If you have a few years of experience in the Java ecosystem, and you're interested in sharing that experience with the community (and getting paid for your work of course), have a look at the "Write for Us" page. Cheers. Eugen

The new Certification Class of Learn Spring Security is out:

>> CHECK OUT THE COURSE

1. Overview

When creating a REST API, good documentation is instrumental.

Moreover, every change in the API should be simultaneously described in the reference documentation. Accomplishing this manually is a tedious exercise, so automation of the process was inevitable.

In this tutorial, we will look at Swagger 2 for a Spring REST web service. For this article, we will use the Springfox implementation of the Swagger 2 specification.

If you are not familiar with Swagger, you should visit its web page to learn more before continuing with this article.

2. Target Project

The creation of the REST service we will use in our examples is not within the scope of this article. If you already have a suitable project, use it. If not, the following links are a good place to start:

3. Adding the Maven Dependency

As mentioned above, we will use the Springfox implementation of the Swagger specification.

To add it to our Maven project, we need a dependency in the pom.xml file.

<dependency>
    <groupId>io.springfox</groupId>
    <artifactId>springfox-swagger2</artifactId>
    <version>2.6.1</version>
</dependency>

4. Integrating Swagger 2 into the Project

4.1. Java Configuration

The configuration of Swagger mainly centers around the Docket bean.

@Configuration
@EnableSwagger2
public class SwaggerConfig {                                    
    @Bean
    public Docket api() { 
        return new Docket(DocumentationType.SWAGGER_2)  
          .select()                                  
          .apis(RequestHandlerSelectors.any())              
          .paths(PathSelectors.any())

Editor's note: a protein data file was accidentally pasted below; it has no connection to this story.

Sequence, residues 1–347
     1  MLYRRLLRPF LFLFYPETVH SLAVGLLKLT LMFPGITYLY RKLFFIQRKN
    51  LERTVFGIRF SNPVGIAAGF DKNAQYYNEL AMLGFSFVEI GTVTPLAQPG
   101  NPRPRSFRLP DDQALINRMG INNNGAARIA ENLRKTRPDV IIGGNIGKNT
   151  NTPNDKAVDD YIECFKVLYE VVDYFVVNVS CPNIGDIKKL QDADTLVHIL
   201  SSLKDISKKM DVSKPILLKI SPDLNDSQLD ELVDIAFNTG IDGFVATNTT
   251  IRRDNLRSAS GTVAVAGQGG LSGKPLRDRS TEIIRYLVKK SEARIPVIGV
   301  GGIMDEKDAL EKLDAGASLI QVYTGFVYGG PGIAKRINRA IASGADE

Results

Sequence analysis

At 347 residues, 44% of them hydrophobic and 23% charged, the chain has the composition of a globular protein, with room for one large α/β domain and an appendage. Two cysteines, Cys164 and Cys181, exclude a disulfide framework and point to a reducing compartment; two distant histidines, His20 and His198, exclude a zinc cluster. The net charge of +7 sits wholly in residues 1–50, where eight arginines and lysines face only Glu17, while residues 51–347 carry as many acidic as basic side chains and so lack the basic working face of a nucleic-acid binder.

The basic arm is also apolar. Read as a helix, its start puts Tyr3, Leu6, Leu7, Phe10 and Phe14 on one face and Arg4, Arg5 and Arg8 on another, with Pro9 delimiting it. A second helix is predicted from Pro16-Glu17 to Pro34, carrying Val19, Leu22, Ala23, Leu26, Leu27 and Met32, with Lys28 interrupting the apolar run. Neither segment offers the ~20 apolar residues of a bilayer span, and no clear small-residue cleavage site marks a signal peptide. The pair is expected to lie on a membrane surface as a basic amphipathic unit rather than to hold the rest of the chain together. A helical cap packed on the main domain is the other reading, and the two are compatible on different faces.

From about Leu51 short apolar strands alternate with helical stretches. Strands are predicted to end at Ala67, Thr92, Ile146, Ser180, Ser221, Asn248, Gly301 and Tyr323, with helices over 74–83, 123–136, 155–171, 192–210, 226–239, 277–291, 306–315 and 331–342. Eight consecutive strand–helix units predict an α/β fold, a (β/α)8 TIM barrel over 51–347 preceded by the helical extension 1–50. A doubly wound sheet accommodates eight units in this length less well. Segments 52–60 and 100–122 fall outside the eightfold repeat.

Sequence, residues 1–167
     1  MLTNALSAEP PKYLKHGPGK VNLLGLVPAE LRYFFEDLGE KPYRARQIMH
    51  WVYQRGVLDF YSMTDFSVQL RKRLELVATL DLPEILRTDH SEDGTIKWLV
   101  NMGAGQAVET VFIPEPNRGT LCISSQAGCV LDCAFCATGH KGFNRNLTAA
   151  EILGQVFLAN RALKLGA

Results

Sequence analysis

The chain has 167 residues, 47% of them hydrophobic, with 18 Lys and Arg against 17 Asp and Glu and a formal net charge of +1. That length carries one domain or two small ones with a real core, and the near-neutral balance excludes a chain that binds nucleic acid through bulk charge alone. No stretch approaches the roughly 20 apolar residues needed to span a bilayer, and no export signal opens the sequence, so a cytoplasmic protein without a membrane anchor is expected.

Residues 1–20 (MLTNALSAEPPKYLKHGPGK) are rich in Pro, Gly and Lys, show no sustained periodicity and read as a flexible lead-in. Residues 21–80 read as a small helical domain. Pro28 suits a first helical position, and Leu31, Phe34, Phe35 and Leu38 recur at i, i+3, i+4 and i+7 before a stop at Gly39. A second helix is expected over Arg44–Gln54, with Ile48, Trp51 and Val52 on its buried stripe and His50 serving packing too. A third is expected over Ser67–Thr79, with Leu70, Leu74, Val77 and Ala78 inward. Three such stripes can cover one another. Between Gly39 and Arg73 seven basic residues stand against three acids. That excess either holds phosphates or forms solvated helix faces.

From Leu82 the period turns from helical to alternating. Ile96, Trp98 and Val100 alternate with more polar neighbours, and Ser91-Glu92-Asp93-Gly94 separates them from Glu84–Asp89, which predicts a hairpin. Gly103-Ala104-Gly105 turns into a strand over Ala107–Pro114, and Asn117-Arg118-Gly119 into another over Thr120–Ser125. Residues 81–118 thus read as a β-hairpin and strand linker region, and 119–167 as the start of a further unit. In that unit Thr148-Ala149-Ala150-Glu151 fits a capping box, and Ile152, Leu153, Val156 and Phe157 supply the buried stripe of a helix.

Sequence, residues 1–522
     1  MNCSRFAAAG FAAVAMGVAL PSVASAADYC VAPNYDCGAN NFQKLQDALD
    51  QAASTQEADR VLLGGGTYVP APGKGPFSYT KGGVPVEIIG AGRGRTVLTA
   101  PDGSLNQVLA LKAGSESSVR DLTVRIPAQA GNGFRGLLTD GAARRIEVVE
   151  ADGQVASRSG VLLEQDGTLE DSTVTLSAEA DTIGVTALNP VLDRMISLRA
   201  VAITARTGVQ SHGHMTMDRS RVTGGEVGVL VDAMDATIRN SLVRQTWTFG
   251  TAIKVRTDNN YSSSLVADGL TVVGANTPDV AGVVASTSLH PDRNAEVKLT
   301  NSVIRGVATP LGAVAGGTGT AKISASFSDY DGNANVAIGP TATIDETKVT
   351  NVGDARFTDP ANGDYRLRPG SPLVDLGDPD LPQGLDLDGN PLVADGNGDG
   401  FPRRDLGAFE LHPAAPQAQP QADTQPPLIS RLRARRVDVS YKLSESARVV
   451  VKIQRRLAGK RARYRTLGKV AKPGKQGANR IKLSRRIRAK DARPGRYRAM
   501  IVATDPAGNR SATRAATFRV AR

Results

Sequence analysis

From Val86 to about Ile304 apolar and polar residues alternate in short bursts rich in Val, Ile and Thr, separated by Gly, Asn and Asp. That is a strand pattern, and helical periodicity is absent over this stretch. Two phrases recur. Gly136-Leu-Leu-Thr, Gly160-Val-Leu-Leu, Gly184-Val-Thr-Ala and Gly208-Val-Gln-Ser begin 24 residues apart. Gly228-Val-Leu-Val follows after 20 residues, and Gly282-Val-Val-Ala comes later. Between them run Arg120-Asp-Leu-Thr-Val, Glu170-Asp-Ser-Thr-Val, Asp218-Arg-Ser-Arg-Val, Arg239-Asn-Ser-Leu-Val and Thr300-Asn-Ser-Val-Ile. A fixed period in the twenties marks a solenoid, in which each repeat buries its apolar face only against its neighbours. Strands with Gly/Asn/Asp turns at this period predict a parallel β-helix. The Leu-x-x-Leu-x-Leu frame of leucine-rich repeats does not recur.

.build();                                           
    }
}

Swagger 2 is enabled through the @EnableSwagger2 annotation.

After the Docket bean is defined, its select() method returns an instance of ApiSelectorBuilder, which provides a way to control the endpoints exposed by Swagger.

Predicates for selection of RequestHandlers can be configured with the help of RequestHandlerSelectors and PathSelectors. Using any() for both will make documentation for your entire API available through Swagger.

This configuration is enough to integrate Swagger 2 into existing Spring Boot project. For other Spring projects, some additional tuning is required.

4.2. Configuration Without Spring Boot

Without Spring Boot, you don’t have the luxury of auto-configuration of your resource handlers. Swagger UI adds a set of resources which you must configure as part of a class that extends WebMvcConfigurerAdapter, and is annotated with @EnableWebMvc.

@Override
public void addResourceHandlers(ResourceHandlerRegistry registry) {
    registry.addResourceHandler("swagger-ui.html")
      .addResourceLocations("classpath:/META-INF/resources/");

    registry.addResourceHandler("/webjars/**")
      .addResourceLocations("classpath:/META-INF/resources/webjars/");
}

4.3. Verification

To verify that Springfox is working, you can visit the following URL in your browser:

http://localhost:8080/spring-security-rest/api/v2/api-docs

The result is a JSON response with a large number of key-value pairs, which is not very human-readable. Fortunately, Swagger provides Swagger UI for this purpose.

5. Swagger UI

Swagger UI is a built-in solution which makes user interaction with the Swagger-generated API documentation much easier.

5.1. Enabling Springfox’s Swagger UI

To use Swagger UI, one additional Maven dependency is required:

<dependency>
    <groupId>io.springfox</groupId>
    <artifactId>springfox-swagger-ui</artifactId>
    <version>2.4.0</version>
</dependency>

Now you can test it in your browser by visiting http://localhost:8080/your-app-root/swagger-ui.html

In our case, by the way, the exact URL will be: http://localhost:8080/spring-security-rest/api/swagger-ui.html

The result should look something like this:

Screenshot_1

5.2. Exploring Swagger Documentation

Within Swagger’s response is a list of all controllers defined in your application. Clicking on any of them will list the valid HTTP methods (DELETE, GET, HEAD, OPTIONS, PATCH, POST, PUT).

Expanding each method provides additional useful data, such as response status, content-type, and a list of parameters. It is also possible to try each method using the UI.

Swagger’s ability to be synchronized with your code base is crucial. To demonstrate this, you can add a new controller to your application.

@RestController
public class CustomController {

    @RequestMapping(value = "/custom", method = RequestMethod.POST)
    public String custom() {
        return "custom";
    }
}

Now, if you refresh the Swagger documentation, you will see custom-controller in the list of controllers. As you know, there is only one method (POST) shown in Swagger’s response.

6. Advanced Configuration

The Docket bean of your application can be configured to give you more control over the API documentation generation process.

6.1. Filtering API for Swagger’s Response

It is not always desirable to expose the documentation for your entire API. You can restrict Swagger’s response by passing parameters to the apis() and paths() methods of the Docket class.